A Threshhold Issue in Adverse Possession

April 3, 2014 § 4 Comments

You’ve read here before about the elements of adverse possession, every one of which must be proven by clear and convincing evidence before the person claiming title by adverse possession may prevail.

One of those elements is that the possession must be hostile. That is, it must not be with the assent of the title owner. There cannot be a valid claim of adverse possession when the actual owner has given the possessor permission to use the land. Massey v. Lambert, 84 So.3d 846, 849 (¶ 11) (Miss. App. 2012). 

That is the principle that tripped up Tim Hoover in the claim of adverse possession he asserted against George and Nelta Callen. Tim’s brother, Mayo, had gotten permission to install some septic tank field lines on a portion of the Callens’ property 12-15 years before the litigation. He also had their permission to use the same property to pasture horses and store some vehicles. Mayo had asked to purchase the land for those purposes, but the Callens would not sell, instead agreeing to let Mayo use it. George Callen testified that Mayo told him that, if the filed lines ever caused George any trouble he would remove them.

Mayo died, and Tim moved onto the property. Problems arose with the field lines, and George approached Tim to inquire what he would do about it. Tim reacted angrily and ordered George off of his property. When the field lines remained unrepaired, George dug them up and laid them on Tim’s property. He also constructed a fence on the property line. Tim complained that the new fence “cut through” his yard.

Tim filed suit to remove cloud and confirm title. The chancellor ruled that Tim had failed to prove all of the elements of adverse possession, and Tim appealed.

In Hoover v. Callen, decided by the COA on March 25, 2014, the court affirmed. Justice Irving, for the court:

¶15. “To acquire property by adverse possession, a claimant must show that [his] possession of the property was: (1) open, notorious, and visible; (2) hostile; (3) under claim of ownership; (4) exclusive; (5) peaceful; and (6) continuous and uninterrupted for a period of ten years.” Id. at (¶14) (citing Biddix v. McConnell, 911 So. 2d 468, 475 (¶18) (Miss. 2005)). “The chancellor must find that the plaintiff[] proved each element of [his] claim by clear and convincing evidence.” Roberts v. Young’s Creek Inv. Inc., 118 So. 3d 665, 669 (¶7) (Miss. Ct. App. 2013) (citing Blackburn v. Wong, 904 So. 2d 134, 136 (¶16) (Miss. 2004)). “The adverse possessor must also possess the property without permission, because permission defeats any claim of adverse possession.” Id. at 670 (¶10) (citing Apperson v. White, 950 So. 2d 1113, 1118 (¶12) (Miss. Ct. App. 2007)).

The court went on to find that the evidence supported the chancellor’s conclusion that Mayo and Tim had used the land with permission, and that, as a result, Tim’s claim of adverse possession was defeated.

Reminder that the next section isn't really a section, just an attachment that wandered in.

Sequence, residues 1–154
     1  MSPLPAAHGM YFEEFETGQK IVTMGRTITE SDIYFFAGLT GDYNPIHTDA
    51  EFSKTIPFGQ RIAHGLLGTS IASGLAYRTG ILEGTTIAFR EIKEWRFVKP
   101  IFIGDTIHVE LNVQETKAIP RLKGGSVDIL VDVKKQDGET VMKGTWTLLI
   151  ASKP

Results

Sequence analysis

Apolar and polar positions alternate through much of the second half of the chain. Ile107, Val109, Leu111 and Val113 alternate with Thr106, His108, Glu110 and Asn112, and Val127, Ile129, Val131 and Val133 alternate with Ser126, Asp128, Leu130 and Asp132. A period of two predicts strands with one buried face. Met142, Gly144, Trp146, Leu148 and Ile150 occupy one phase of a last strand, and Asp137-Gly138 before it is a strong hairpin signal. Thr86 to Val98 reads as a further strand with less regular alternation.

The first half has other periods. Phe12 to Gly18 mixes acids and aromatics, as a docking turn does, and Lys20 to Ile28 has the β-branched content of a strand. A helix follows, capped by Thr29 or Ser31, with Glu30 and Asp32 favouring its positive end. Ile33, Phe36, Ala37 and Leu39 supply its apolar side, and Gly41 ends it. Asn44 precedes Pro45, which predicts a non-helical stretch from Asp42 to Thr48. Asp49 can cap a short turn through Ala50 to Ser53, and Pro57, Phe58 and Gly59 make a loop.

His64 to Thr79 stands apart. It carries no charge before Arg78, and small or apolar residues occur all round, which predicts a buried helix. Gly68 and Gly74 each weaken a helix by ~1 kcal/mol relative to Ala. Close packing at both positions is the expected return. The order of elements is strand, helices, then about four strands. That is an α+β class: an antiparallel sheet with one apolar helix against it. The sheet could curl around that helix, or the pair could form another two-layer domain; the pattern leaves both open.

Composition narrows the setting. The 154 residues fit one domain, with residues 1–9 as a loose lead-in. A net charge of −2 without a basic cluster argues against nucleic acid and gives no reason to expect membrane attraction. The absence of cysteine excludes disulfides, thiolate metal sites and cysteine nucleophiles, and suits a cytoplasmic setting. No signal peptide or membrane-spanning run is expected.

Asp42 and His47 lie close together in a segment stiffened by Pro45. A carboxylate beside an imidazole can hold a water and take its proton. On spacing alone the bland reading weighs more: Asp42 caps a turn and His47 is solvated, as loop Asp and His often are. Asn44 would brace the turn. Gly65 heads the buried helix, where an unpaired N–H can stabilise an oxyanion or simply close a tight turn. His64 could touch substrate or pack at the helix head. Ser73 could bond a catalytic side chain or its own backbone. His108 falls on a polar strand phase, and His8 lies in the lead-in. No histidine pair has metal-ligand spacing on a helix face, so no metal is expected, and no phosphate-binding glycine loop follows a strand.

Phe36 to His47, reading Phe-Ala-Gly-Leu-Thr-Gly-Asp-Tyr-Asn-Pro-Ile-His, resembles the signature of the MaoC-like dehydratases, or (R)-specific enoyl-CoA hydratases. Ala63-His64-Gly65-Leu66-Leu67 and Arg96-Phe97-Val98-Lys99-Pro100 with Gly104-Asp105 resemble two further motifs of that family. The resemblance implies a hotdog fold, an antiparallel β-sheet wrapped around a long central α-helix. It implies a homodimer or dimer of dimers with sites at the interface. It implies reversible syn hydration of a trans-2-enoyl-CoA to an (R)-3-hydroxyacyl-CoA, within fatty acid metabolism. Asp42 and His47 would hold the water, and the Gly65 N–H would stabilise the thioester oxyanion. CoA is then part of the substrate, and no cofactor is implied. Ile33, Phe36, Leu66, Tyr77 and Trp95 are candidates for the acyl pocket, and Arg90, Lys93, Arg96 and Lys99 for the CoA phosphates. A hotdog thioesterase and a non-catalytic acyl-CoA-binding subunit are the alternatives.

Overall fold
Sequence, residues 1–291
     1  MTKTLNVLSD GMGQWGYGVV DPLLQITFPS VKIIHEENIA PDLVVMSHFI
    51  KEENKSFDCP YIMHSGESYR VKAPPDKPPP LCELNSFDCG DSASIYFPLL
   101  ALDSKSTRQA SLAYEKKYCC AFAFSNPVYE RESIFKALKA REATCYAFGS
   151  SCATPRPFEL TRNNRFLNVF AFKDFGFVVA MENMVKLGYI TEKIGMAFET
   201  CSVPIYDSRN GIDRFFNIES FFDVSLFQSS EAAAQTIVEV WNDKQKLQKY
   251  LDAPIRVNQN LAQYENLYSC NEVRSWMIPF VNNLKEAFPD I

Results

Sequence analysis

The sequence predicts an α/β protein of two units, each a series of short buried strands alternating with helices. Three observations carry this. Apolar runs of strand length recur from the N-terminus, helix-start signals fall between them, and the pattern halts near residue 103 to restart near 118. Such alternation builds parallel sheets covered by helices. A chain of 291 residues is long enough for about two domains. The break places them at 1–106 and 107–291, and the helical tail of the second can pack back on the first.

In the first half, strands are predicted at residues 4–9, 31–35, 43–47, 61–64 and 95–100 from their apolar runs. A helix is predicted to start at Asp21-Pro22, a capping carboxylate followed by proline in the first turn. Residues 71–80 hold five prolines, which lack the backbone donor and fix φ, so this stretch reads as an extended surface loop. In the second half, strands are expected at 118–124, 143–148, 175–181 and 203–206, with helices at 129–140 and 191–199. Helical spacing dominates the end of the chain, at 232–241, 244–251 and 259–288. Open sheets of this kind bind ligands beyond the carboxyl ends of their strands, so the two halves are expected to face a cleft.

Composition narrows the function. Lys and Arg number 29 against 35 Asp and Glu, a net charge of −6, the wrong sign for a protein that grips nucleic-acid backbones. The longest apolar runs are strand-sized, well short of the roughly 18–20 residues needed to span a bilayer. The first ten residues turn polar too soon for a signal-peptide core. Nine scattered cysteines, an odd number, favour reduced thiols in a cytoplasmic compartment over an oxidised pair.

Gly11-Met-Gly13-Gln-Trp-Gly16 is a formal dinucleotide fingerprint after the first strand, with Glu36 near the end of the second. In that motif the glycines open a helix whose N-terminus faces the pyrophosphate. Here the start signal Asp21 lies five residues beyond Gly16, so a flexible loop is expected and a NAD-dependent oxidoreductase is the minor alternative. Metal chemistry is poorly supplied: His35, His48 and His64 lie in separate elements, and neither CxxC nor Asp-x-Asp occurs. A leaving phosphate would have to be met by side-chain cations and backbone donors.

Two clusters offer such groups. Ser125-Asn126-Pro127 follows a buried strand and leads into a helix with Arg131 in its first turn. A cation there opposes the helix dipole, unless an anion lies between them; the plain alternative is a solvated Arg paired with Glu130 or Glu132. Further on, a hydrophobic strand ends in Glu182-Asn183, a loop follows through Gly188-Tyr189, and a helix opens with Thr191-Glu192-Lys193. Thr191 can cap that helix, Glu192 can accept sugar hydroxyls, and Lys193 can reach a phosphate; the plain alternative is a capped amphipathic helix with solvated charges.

A plaintiff brought an adverse possession case in my court in which he had gained occupancy of the property via a lease in the early 1980’s. He paid only a few months of rent before stopping his payments entirely, due to inadequacy of the dwelling, he claimed. After a couple of years he moved a mobile home onto the property. The title owner never initiated an action to evict him, although he did send an emissary on one occasion to inquire about whether the plaintiff intended to pay rent. I ruled that the occupancy was permissive, and, therefore, there was no adverse possession. I dismissed the case, and the plaintiff appealed. His appeal was dismissed for failure to prosecute, so we will not be getting any guidance from the appellate courts on the facts in this particular case.

The questions posed by the case that I had are two-fold: (1) If the landlord does not take any action to oust the defaulting tenant for more than ten years, has the landlord waived his right to claim permissive use by the tenant; and (2) What notice or other action on the part of a tenant may overcome the permissive use defense and convert the use to a hostile one? I did not find any Mississippi authority on point.

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§ 4 Responses to A Threshhold Issue in Adverse Possession

  • Kim says:

    in an adverse possession case, does an adverse possessor have to provide a survey or proof of the property he has adversely possessed? Does testimony and exhibits alone suffice to show that he adversely possessed property and meet the elements?

    • Larry says:

      I am out of the office and away from my code and cases, so I can only say off the top of my had that I have heard adverse possession cases that did not include a survey in the proof. Of course, if the court finds that the claim is proven, a survey will be necessary to create a legal description.

  • I have a case involving adverse possession under color of title (it’s a secondary issue– the other side is arguing the deed my client’s predecessor recorded is void, and possession under color of title is my back-up response). Their response: “Well, you were possessing under that void deed we gave you, so that’s permissive so your possession wasn’t hostile.”

    Does that make any sense?

    • Larry says:

      If the deed is void, then no permission was given because it was a nullity. If the deed is not void, your client owns the property. I think.

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